When you're already on the go, sometimes it feels like the last thing you need is one more thing to do...but setting aside time everyday to consciously relax (instead of just checking out in front of the TV or computer) is really important for your health overall, and it supports your gut microbiome. Just like you, your bacteria respond poorly to stress, so the more you can give them a break, the better they'll be able to do their work. One really big upside to this is that it's a self-perpetuating cycle. When you’re not stressed, your gut bacteria are able to flourish, which in turn helps improve your mood and keeps you feeling nice and calm.
2. Take it easy on the cleaning products and cleansers.
One really common way that gut bacteria get thrown off is by exposure to substances that kill both the bad and beneficial ones indiscriminately. Unfortunately, we're surrounded by products that do just that, including many cleaning products, soaps, and cleansers, especially those that are antibacterial. Do your best to stick to milder, more natural products––they're not only typically better for the environment, they also won't devastate your delicate flora.
For bonus points, read up on the Hygiene Hypothesis, and learn how the way we think about cleanliness in our modern Western culture is really pretty unusual, and might be causing some wide-reaching problems.
3. Turn off the technology (at least at night).
Don't make your bacteria fight an uphill battle to keep your circadian rhythm working properly: try to turn off your screens at least an hour before you go to bed. The blue light they emit has an opposite effect to that of healthy gut bacteria—instead of helping your circadian rhythm work properly, it tells your brain to stay awake. (Looking for ways to unplug? This is for you.) And one thing we’ve learned about gut bacteria is that they need their zzz’s to thrive...and since we need them to function at our best, a good night’s sleep is a must-have.
The interesting part? It’s a two-way street. The more friendly microbes you have, the more likely you are to get a good night’s rest. If you'd like to take a more proactive approach, then try taking a premium probiotic, like PRO-15. That way you'll know that your gut bacteria are thriving and able to do their best to support your sleep, even if you're not ready to go analog every night just yet.
4. Get some more dirt in your life.
Like any ecosystem, your microbiome thrives on diversity; the more types of bacteria you have in your system, the better it's typically going to function. This is particularly true for your gut's relationship with immunity. While much of the "training" that your immune system undergoes happens when you're a child, it's still a good idea to get as much exposure to different types of microorganisms as you can so that your body can continue to adapt. This means getting outdoors, playing with animals, gardening, and all-in-all, not being afraid of a little dirt. It’s pretty simple: having more bacteria in your life will help keep your immune system working well, so your chances of staying well will be higher.
5. Add more prebiotic and probiotic foods to your diet.
Your gut microbiome does best when you eat foods that also feed your good bacteria (prebiotics), and when you deliver more beneficial bacteria directly to your gut (probiotics). Try adding in both types of foods to your diet: not only will you feel much better, your gut bacteria will be happier and more effective, which means that your nutrient absorption, energy levels, blood sugar, and metabolism will have the support they need. And of course, if you really want to make sure you're covering your bases, you can supplement with an organic prebiotic powder or probiotic supplement.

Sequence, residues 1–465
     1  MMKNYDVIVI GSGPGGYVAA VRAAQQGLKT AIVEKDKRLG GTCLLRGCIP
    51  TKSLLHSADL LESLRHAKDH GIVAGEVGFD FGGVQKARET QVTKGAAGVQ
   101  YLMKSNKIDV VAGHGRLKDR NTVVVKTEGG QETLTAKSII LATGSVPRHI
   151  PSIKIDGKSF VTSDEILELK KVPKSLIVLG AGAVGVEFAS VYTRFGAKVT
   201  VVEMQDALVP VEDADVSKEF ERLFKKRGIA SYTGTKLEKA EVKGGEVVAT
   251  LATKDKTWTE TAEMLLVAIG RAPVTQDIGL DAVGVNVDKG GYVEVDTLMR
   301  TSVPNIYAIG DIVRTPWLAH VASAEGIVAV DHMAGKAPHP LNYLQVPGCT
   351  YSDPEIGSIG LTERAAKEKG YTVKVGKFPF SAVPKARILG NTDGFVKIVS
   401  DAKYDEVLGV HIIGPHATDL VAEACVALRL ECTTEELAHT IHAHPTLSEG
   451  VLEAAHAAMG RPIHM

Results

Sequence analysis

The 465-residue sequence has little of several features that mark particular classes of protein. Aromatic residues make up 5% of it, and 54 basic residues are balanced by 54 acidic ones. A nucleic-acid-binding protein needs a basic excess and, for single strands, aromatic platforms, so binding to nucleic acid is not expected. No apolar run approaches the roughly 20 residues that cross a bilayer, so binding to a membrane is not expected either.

Research is making it clearer and clearer that the body isn't just a biological machine––it's an intricately, intimately connected group of systems that have far-reaching effects on each other, and none more so than the gut. So if you’re experiencing sub-optimal health issues, whether it's in the form of a breakout or a bad night's sleep, take a second to check in with your gut. You might be surprised at just how much it's affecting you!
1. Bravo, J. A., Forsythe, P., Chew, M. V., Escaravage, E., Savignac, H. M., Dinan, T. G., . . . Cryan, J. F. (2011). Ingestion of Lactobacillus strain regulates emotional behavior and central GABA receptor expression in a mouse via the vagus nerve. Proceedings of the National Academy of Sciences, 108(38), 16050-16055.
2. Schmidt, K., Cowen, P. J., Harmer, C. J., Tzortzis, G., Errington, S., & Burnet, P. W. (2014). Prebiotic intake reduces the waking cortisol response and alters emotional bias in healthy volunteers. Psychopharmacology, 232(10), 1793-1801.
3. Bowe, W.P., Logan, A.C. (2011). Acne Vulgaris, Probiotics and the Gut-Brain-Skin Axis - Back to the Future? Gut Pathogens, 3(1). doi:10.1186/1757-4749-3-1
4. Kober, M., & Bowe, W. P. (2015). The effect of probiotics on immune regulation, acne, and photoaging. International Journal of Women's Dermatology, 1(2), 85-89. doi:10.1016/j.ijwd.2015.02.001
5. Ejtahed, H. S., Mohtadi-Nia, J., Homayouni-Rad, A., Niafar, M., Asghari-Jafarabadi, M., & Mofid, V. (2012). Probiotic yogurt improves antioxidant status in type 2 diabetic patients. Nutrition,28(5), 539-543. doi:10.1016/j.nut.2011.08.013
6. Nakamaru-Ogiso, E., Miyamoto, H., Hamada, K., Tsukada, K., & Takai, K. (2012). Novel biochemical manipulation of brain serotonin reveals a role of serotonin in the circadian rhythm of sleep-wake cycles. European Journal of Neuroscience, 35(11), 1762-1770.
7. Hansen, C.H., Andersen, L.S., Krych L., Metzdorff, S.B. . . . Hansen, A.K. (2014). Mode of Delivery Shapes Gut Colonization Pattern and Modulates Regulatory Immunity in Mice. The Journal of Immunology 193(3). doi: 10.4049/jimmunol.1400085
8. Zhang, Q., Wu, Y., & Fei, X. (2016). Effect of probiotics on body weight and body-mass index: A systematic review and meta-analysis of randomized, controlled trials. International Journal of Food Sciences and Nutrition, 67(5), 571-580.
Rachel Allen is a writer at Hyperbiotics who's absolutely obsessed with learning about how our bodies work. She's fascinated by the latest research on bacteria and the role they play in health, and loves to help others learn about how probiotics can help the body get back in balance. For more ideas on how you can benefit from the power of probiotics and live healthier days, be sure to subscribe to our newsletter. To learn more about how a healthy microbiome can enrich your life, subscribe to our newsletter.